Will this Tuesday prove a turnaround one?
Tuesdays have a habit in Chicago of bringing reversals to a strong trend in the previous session.
That would imply a retreat in corn and soybean futures, after the strong rises in the last session on concerns that a Midwest heatwave will cut yield potential.
And it is easy to see why investors might be tempted to take profits, after a jump of more than 7% in December corn futures in three sessions, and a rise of 8% in November soybean futures in two, taking nearly to 20% their rebound from a multi-month low on August 7.
"Obviously this rally is quite a lot of risk premium to add to the market in such a short time," WxRisk.com said.
"November soybeans went from the yearly lows to the yearly highs in less than three weeks. At some point the market will have priced in enough demand rationing."
However, investors were reluctant, in early deals, to take the idea of profit-taking too far, given the weather threat, and with US Department of Agriculture data overnight showing crop deterioration already last week.
In fact, the proportion of US corn rated "good" or "excellent" fell two points to 59%, in line with expectations and, taken as a whole, the data showed an index figure of 356, in line with that to be expected for late August.
"The average corn crop index for this time of year is 355," Mark Welch at Texas A&M University said.
That said, looking at some of the individual state numbers – Iowa and Indiana ratings down 4 points, Illinois down 5 points and North Dakota down 10 – it is hard to see how the national rating did not drop further.
For soybeans, the proportion of the US crop rated "good" or "excellent" dropped 4 points to 58%, a bigger fall than investors had expected.
That looked more obviously representative of state-by-state data, including a 2-point drop in Iowa, 5-point fall in the Illinois crop rating, and an 11-point drop in Michigan.
"Trade is discussing the possibility of a 40-bushels-per-acre soy yield, which suggests a 200m-bushels-lower 2013 US soy crop than the US Department of Agriculture's August forecast and the need for drastic rationing of 2013-14 US soy supply," Richard Feltes at RJ O'Brien said.
(The USDA has a yield figure of 42.6 bushels per acre.)
And that is "a daunting task, given record US new crop soybean sales of 19m tonnes plus."
Still, "Importantly, there are still three critical weeks remaining during which unfolding weather developments can erode, stabilise or enhance 2013 US soy yield potential".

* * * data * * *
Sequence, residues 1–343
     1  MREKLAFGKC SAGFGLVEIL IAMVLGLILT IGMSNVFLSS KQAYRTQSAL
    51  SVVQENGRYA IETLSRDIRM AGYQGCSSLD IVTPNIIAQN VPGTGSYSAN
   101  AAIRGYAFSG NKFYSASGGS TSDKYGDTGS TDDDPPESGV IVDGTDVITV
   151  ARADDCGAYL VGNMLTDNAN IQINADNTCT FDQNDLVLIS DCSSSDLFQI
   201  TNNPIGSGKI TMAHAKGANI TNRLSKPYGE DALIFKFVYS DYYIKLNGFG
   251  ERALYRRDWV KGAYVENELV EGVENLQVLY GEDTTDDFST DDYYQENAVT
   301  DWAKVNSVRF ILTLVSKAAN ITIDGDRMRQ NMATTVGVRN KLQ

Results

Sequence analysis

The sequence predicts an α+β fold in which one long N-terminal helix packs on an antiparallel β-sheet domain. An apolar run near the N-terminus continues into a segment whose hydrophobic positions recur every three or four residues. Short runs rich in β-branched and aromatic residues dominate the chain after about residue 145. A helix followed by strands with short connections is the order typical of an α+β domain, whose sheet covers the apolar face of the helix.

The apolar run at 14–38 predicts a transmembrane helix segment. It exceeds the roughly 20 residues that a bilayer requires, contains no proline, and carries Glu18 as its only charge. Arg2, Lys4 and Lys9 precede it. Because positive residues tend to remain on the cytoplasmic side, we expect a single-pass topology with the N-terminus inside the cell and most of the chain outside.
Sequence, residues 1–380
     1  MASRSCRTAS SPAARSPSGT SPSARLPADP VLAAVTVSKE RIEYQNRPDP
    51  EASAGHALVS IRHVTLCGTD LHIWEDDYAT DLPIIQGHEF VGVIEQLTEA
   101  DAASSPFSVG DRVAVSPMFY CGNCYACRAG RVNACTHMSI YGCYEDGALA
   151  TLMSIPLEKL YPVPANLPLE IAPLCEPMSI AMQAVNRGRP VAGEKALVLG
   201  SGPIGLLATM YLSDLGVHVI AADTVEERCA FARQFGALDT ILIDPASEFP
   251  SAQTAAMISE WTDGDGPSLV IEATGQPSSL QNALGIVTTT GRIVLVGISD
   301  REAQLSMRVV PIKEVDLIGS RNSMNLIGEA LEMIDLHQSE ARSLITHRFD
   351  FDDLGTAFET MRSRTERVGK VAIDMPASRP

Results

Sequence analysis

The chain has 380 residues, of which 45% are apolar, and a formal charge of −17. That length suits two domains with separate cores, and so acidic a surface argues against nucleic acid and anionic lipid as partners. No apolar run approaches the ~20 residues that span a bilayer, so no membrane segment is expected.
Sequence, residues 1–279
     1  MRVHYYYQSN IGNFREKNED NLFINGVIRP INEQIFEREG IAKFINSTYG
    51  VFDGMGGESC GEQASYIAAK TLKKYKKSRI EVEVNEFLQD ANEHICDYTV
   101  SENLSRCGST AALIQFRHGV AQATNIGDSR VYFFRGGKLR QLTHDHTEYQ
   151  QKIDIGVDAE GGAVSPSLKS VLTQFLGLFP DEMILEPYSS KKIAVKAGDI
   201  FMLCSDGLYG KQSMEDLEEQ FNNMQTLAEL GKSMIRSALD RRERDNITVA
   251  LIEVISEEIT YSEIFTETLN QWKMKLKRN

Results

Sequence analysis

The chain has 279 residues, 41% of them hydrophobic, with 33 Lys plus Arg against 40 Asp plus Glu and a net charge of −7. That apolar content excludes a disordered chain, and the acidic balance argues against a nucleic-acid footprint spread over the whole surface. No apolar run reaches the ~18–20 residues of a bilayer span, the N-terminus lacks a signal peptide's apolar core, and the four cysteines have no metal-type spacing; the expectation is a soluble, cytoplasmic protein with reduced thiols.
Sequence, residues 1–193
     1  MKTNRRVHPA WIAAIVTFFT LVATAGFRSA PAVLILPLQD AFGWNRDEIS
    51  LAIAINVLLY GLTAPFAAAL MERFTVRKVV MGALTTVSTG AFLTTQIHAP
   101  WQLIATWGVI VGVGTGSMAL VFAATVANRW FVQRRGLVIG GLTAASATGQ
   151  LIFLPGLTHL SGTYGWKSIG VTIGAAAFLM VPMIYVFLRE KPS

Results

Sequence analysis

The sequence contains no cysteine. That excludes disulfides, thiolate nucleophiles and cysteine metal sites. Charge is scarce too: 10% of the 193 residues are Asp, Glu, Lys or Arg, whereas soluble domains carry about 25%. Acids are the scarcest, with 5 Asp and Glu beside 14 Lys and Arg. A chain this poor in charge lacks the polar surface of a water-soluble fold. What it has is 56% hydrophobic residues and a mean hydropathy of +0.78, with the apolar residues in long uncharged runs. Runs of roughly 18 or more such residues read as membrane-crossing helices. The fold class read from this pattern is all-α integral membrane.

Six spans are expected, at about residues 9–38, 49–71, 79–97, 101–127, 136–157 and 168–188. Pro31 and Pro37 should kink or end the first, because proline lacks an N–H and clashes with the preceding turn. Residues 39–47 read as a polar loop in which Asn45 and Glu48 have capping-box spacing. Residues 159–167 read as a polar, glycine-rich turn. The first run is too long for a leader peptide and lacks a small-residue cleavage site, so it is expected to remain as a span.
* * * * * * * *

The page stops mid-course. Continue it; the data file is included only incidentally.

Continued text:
'Dramatically cooler air'
As for what weather might be in the pipeline, the latest run of the European weather model offered some hope for crop bears, developing next week a "massive trough over the eastern one-third of the country" which will force this-week's hot weather "back into the Rockies", WxRisk.com said.
"This allows for dramatically cooler air for the Great Lakes, the eastern Corn Belt and the east coast and some cooling over the Plains and the western Corn Belt."
However, "the front comes through without any significant rain".
And "the cooling does not last long", with the heat dome "to push east back into the central Plains of the Midwest September 3-4-5".
There was enough to allow December corn futures to fall 1.0% to $4.95 ¾ a bushel as of 09:45 UK time (03:45 Chicago time), but to remain its 50-day moving average at $4.95 ¼ a bushel, which the contract closed above in the last session for the first time in two months.
November soybean futures, offered extra support by the USDA numbers, and particularly sensitive to crop condition at this time of year, eased 0.1% to $13.87 ½ a bushel.
Wheat futures sided more with corn, falling 0.6% to $6.63 a bushel for December delivery, with ideas easing a touch over damage to Argentina's crop from frost.
Furthermore, the condition of US spring wheat improved last week, by 1 point to 67%, and with the hotter weather speeding the spring wheat harvest, which proceeded to 42% complete as of Sunday, up from 18% the week before.
Among soft commodities, cotton eased a touch too, by 0.2% to 84.71 cents a pound In New York for December delivery, after the USDA showed further improvement in the condition of the US crop.
The proportion rated good or excellent nudged 1 point higher in the week to 47%, helped by a sharp recovery in Alabama, which saw an uplift of seven points, to 70% good or excellent.
The Texas crop, the country's biggest, was stable at 35%.